As an HR pro, you’re adept at juggling many stressors on a regular basis. But those day-to-day headaches don’t come close to the nightmare scenario that unfolded at a Walmart in Virginia, where a manager killed several employees in a workplace shooting.
Here’s a quick recap of what we know so far: The manager opened fire on workers in an employee break room, killing six and injuring six more, before he fatally shot himself. Survivors have reported that the manager appeared to be shooting at random rather than aiming at specific targets. Most recently, a report has surfaced that the manager left a “death note” on his phone, apologizing for what he would do and blaming other employees for mocking him. He had no criminal history, and the weapon he used was purchased legally.
It’s important to note that these are early details. Investigations into mass shootings often take months to resolve. In the days and weeks to come, we’ll learn much more as the investigation unfolds.
In the meantime, this tragic incident serves as a reminder that employers would be prudent to prioritize the development – and implementation – of emergency action plans as well as safety and security training for employees.
Hopefully, you’ll never have to endure this kind of tragedy at your company. But the fact is, gun violence continues to be a problem across the U.S. That’s why it’s crucial to prepare for the worst – just in case.
Workplace shooting guidance – Responsibilities for HR, managers
The U.S. Department of Homeland Security (DHS) has compiled guidance on active shooter incidents in the workplace that can help employees stay safe in the event of an emergency.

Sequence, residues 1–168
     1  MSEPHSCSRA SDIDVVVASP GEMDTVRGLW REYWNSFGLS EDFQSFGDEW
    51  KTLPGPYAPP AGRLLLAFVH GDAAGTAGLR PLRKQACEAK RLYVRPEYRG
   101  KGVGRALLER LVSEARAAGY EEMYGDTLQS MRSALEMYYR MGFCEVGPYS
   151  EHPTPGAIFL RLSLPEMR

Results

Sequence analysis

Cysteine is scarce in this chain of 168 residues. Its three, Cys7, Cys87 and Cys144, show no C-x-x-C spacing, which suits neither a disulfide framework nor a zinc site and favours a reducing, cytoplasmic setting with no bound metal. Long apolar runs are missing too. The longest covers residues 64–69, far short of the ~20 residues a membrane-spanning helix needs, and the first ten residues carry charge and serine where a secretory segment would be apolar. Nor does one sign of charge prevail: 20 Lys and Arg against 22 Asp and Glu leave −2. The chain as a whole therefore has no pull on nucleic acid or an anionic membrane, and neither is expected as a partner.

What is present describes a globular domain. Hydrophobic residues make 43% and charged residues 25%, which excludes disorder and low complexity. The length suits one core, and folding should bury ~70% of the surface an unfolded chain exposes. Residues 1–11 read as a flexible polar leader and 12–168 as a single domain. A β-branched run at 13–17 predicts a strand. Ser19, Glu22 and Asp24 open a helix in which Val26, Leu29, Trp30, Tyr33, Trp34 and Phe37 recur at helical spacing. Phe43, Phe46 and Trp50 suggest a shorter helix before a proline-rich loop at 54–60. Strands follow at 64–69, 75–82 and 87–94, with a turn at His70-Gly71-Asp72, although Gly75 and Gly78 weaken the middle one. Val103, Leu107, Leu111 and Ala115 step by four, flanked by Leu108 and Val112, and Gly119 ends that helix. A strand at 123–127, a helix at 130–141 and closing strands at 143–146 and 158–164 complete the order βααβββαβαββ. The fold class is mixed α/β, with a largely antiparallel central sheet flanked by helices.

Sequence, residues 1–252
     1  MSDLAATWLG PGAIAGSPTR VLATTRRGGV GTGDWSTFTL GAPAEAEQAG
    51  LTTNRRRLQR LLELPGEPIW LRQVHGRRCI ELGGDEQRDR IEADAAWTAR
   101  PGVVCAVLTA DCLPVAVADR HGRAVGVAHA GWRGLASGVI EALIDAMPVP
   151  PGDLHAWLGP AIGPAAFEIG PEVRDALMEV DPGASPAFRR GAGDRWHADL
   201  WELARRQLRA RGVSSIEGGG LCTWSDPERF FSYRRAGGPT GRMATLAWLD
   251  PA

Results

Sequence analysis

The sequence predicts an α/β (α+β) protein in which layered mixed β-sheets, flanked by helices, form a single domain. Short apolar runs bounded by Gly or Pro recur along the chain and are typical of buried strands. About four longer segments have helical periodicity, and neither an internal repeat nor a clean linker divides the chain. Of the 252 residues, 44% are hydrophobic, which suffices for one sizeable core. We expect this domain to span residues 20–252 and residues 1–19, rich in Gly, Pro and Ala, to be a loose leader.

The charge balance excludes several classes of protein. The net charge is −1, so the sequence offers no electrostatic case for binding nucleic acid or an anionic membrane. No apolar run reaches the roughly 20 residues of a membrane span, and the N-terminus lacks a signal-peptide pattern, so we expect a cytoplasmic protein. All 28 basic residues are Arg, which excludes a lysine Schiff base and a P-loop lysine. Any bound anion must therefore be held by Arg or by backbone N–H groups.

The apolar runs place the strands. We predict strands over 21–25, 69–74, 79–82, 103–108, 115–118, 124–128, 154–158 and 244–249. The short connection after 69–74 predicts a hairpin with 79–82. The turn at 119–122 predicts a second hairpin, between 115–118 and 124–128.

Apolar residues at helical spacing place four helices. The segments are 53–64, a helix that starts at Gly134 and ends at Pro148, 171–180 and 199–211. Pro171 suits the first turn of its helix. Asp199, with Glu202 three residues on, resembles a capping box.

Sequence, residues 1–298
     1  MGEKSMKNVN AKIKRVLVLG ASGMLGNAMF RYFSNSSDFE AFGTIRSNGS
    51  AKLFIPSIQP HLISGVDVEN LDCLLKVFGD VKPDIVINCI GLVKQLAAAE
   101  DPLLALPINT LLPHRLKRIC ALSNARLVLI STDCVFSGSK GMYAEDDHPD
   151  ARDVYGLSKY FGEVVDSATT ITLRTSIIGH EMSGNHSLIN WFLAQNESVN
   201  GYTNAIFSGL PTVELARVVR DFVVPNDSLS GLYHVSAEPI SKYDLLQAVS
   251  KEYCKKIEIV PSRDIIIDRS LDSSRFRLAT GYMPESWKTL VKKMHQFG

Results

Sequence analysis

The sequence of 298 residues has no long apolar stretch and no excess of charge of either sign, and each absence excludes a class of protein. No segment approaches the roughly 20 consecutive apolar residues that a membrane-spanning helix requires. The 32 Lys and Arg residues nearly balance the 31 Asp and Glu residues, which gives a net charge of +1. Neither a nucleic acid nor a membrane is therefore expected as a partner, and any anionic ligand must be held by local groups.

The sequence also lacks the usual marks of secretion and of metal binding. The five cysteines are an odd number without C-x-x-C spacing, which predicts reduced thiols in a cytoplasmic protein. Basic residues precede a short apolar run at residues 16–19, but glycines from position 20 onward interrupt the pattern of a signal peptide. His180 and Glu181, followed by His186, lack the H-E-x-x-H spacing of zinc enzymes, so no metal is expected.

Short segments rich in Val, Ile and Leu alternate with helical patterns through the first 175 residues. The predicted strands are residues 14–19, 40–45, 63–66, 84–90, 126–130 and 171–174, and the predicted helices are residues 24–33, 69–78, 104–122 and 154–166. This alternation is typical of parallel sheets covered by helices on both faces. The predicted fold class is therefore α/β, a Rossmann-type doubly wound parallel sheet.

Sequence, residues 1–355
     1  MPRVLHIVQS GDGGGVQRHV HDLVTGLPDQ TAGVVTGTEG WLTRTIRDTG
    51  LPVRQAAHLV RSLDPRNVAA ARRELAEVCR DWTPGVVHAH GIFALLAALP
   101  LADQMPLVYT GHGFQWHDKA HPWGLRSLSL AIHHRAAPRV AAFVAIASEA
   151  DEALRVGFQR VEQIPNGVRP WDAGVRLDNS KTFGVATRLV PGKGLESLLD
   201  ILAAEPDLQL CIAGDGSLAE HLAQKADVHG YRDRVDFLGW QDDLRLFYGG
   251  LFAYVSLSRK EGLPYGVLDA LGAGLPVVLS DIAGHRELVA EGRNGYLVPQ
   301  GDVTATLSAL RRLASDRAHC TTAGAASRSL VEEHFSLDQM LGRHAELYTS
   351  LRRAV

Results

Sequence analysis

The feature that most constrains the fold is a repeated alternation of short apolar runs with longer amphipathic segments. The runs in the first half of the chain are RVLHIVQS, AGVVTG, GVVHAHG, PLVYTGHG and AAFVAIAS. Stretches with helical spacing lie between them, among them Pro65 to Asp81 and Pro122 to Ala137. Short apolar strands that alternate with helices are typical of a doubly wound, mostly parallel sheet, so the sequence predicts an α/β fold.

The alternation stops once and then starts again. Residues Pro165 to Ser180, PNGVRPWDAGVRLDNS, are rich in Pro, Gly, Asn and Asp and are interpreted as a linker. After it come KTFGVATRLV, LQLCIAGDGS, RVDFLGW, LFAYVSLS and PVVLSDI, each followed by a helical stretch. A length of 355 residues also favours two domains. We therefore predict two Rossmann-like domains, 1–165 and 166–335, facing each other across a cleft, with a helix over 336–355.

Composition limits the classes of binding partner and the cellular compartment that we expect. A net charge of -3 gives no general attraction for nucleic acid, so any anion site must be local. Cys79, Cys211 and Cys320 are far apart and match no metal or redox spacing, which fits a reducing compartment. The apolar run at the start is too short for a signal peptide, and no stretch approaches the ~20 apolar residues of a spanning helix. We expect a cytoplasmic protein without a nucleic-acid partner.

Preparing for and managing an active shooter situation requires a team effort. The feds outlined a strategic plan that divides responsibilities by department:
- HR’s responsibilities include: Conducting effective employee screening and background checks; creating a system to report signs of potentially violent behavior; prioritizing mental health and making counseling services available to employees; and developing an emergency action plan.
- Facility manager’s responsibilities include: Instituting access controls (keys, passcodes); distributing critical items – like floor plans, keys and personnel name/phone lists – to appropriate managers; assembling crisis kits containing radios, floor plans, staff rosters, staff emergency contact numbers, flashlights and first aid kits; and placing removable floor plans near entrances for emergency responders.
- Managers’ responsibilities include: Being familiar with and following the emergency action plan, remaining calm, locking and barricading doors, assisting with evacuations and aiding individuals with special needs.
Run, Hide, Fight
The guidance also covers “Run, Hide, Fight,” the recommended procedure for active shooter situations, which helps individuals determine the best course of action:
- Run: If there is an accessible escape path, quickly evacuate the premises.
- Hide: If evacuation isn’t possible, find a place to hide where the shooter is less likely to find you.